Chris Snook rides for Nuun Sigma Sport and below shares his thoughts on dealing with an injury.
I wanted to write a quick blog about an injury I’m currently contending with. Hopefully it will resonate with others who are also coping, or just coming to terms with injury. Don’t let it get you down. Instead, turn it to your advantage.
Injury is something that we as cyclists have to face time to time. It’s something that can reverse months of hard work and training and therefore was always something that put the fear into me. As a rider for Madison Genesis, I took out private medical insurance just in case I popped a collar bone – it gave me peace of mind knowing that should something happen I could be up and running sooner.
Up until November of last year, I had been very lucky with injury. Previously I’d only had issues with my back, sorted last year by our team chiropractor, and fellow rider, Craig at Putney Chiropractic, and a few soft tissue niggles corrected by physio and proper stretching. Never before, had I broken a bone…
In a stupid accident running for a train, I jumped a set of steps in my haste and instantly felt a pain through my right ankle. Assuming it was just sprained after rolling it slightly, something I’d done often when I was young playing football, I hobbled to the station and got the train back. The following day however, I could not bear any weight on the ankle and feared the worst. A few hours in A&E later confirmed that I’d fractured my calcaneus (heel bone) and would be non-weight bearing for six weeks.
Six weeks, on crutches! This for me, as an active person who struggles to sit for long periods of time, was my worst nightmare. Many said I could take solace in the fact that it was the off season. However, I kept worrying as this was the exact point where I was finishing my off season, and was planning to ramp up my training through December and over Christmas – the easiest time for me due to the Christmas break from work. To me, my fitness was going to decline rapidly having entered it at, what I believed a poor physical state anyway.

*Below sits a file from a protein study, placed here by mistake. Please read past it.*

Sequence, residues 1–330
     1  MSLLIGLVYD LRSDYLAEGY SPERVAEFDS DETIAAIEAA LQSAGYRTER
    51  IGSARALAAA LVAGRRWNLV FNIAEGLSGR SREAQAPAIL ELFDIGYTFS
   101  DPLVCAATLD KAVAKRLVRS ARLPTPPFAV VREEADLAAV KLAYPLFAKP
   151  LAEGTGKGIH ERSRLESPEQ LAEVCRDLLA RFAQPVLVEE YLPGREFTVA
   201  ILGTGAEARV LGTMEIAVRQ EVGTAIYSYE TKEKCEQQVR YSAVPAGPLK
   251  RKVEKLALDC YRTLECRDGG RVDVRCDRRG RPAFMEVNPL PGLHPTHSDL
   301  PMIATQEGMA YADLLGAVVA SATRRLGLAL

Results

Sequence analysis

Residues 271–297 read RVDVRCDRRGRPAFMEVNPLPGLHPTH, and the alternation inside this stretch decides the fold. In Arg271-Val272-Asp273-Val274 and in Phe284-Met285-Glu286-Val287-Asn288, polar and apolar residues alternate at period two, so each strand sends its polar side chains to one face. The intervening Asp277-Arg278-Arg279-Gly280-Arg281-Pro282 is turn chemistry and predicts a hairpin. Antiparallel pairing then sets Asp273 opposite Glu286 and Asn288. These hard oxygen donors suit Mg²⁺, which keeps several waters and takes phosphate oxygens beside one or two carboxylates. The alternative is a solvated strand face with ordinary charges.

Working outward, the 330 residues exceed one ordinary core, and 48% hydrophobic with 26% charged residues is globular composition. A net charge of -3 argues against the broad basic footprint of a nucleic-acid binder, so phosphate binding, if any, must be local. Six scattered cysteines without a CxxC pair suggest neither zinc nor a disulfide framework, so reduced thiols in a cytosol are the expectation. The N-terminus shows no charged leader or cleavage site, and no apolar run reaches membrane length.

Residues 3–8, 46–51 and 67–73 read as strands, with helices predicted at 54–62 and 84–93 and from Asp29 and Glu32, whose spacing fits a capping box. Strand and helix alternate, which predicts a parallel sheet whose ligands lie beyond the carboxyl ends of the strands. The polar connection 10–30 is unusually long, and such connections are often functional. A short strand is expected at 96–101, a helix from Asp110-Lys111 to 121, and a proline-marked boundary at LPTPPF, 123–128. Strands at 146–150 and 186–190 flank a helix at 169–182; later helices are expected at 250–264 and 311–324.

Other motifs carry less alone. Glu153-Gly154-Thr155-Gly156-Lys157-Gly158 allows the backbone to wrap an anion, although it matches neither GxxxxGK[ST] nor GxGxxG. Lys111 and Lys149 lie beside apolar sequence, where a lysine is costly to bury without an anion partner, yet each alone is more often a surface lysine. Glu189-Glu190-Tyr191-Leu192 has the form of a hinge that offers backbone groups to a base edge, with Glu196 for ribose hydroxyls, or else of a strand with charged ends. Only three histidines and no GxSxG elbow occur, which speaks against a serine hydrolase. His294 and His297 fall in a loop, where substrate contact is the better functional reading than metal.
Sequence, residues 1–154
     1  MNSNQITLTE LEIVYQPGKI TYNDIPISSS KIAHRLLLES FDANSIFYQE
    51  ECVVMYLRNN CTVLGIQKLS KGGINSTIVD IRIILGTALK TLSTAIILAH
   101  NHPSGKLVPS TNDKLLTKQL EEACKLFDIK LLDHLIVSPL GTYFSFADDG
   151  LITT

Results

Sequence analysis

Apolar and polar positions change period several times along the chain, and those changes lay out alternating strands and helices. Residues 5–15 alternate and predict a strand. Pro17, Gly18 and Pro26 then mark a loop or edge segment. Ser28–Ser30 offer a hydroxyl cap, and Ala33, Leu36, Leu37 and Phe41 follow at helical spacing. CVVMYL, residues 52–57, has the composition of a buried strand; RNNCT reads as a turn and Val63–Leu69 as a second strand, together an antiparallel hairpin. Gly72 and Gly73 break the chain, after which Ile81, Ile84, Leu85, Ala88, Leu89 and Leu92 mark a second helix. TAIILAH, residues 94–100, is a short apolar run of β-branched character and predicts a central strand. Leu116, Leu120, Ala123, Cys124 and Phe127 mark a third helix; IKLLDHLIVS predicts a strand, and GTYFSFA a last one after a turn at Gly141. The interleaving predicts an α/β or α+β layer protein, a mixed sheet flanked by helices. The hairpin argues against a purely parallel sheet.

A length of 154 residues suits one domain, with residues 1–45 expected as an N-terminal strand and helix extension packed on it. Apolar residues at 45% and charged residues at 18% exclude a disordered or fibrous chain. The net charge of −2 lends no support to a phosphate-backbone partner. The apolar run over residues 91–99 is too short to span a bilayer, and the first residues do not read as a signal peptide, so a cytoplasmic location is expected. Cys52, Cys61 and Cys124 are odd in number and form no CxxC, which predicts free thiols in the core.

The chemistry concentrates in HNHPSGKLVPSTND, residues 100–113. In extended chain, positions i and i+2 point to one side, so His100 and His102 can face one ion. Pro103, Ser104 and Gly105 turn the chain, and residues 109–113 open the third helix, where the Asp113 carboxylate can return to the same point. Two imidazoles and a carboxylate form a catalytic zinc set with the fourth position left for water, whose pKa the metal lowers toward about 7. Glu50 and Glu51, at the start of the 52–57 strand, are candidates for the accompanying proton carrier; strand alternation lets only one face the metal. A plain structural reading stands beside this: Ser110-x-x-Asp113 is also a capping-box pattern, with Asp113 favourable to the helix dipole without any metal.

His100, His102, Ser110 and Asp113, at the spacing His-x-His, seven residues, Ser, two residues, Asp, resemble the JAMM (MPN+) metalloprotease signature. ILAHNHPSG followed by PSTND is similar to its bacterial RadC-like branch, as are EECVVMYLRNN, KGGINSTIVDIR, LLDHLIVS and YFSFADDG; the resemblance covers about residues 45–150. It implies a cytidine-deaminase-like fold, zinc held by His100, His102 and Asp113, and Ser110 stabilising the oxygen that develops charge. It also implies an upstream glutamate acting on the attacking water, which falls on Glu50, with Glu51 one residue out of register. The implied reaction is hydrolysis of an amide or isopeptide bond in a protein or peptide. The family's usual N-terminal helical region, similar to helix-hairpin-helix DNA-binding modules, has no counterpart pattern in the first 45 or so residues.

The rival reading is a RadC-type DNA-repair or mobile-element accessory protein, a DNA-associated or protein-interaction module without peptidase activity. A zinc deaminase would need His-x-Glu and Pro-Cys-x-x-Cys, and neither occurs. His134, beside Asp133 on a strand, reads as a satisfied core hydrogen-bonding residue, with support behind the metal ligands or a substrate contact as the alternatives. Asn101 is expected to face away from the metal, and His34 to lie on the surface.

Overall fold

This was where the mods came in. As a cyclist, there were certain possessions I had that could make my life easier. To start with, I decided to wrap the handle in bar tape with a couple of gel inserts to make things a lot easier on my hands. This made a big difference! Next, I zip-tied a bottle cage to one of my crutches through two of the adjustment holes. This meant I could carry drinks around the flat and the office – no longer was I reliant on others. However, I also have an Elite Deboyo thermal drinks bottle. I used to use this in deep winter, back in the days when things got really cold. I’d fill it with hot sweet tea to warm me up mid ride. Now though, this meant I was able to make and carry hot drinks around with me including my favourite beverage…coffee!
As an athlete I wanted to concentrate on the rehab phase of my injury at the earliest possible opportunity. I spent hours researching on the Internet for ideas to help prevent muscle wastage, looking at EMS, aqua therapy and other techniques. In the end, I chose to visit my gym at Surbiton Racquet and Fitness centre and see their resident rehab specialist.
After a consultation on my past and current injury, we devised a routine of exercises that would concentrate on focusing on weak points of my body – neglected and damaged through cycling. I now have a routine that will help re-build strength in my hip flexors, rebuild my core strength, regain some flexibility through my shoulders, and also rebuild strength in my upper body. The program has been devised to build strength, but not put on bulk, knowing how crucial weight is on the bike.
What I now have is a program that means when I do get back to the bike, I will be stronger on it. I’ve always known how important these areas are, especially as a sprinter, but they are simply too easy to overlook when you are in full time work and trying to cram the hours in on the bike. Free time is important to strike a life balance and so, it’s typically been the ‘non-essential’ core and stretching exercises that I’ve neglected.
So, hard as it’s been, I’ve accepted that I’m injured. I can’t change the past, but I can change the future. I’ve already spoken with my coach, so I’m confident that with careful monitoring, I will be back to where I want to be on the bike and able to hit my objectives for the year. Ultimately, I’ll be stronger all round, and simply glad to be back on the bike.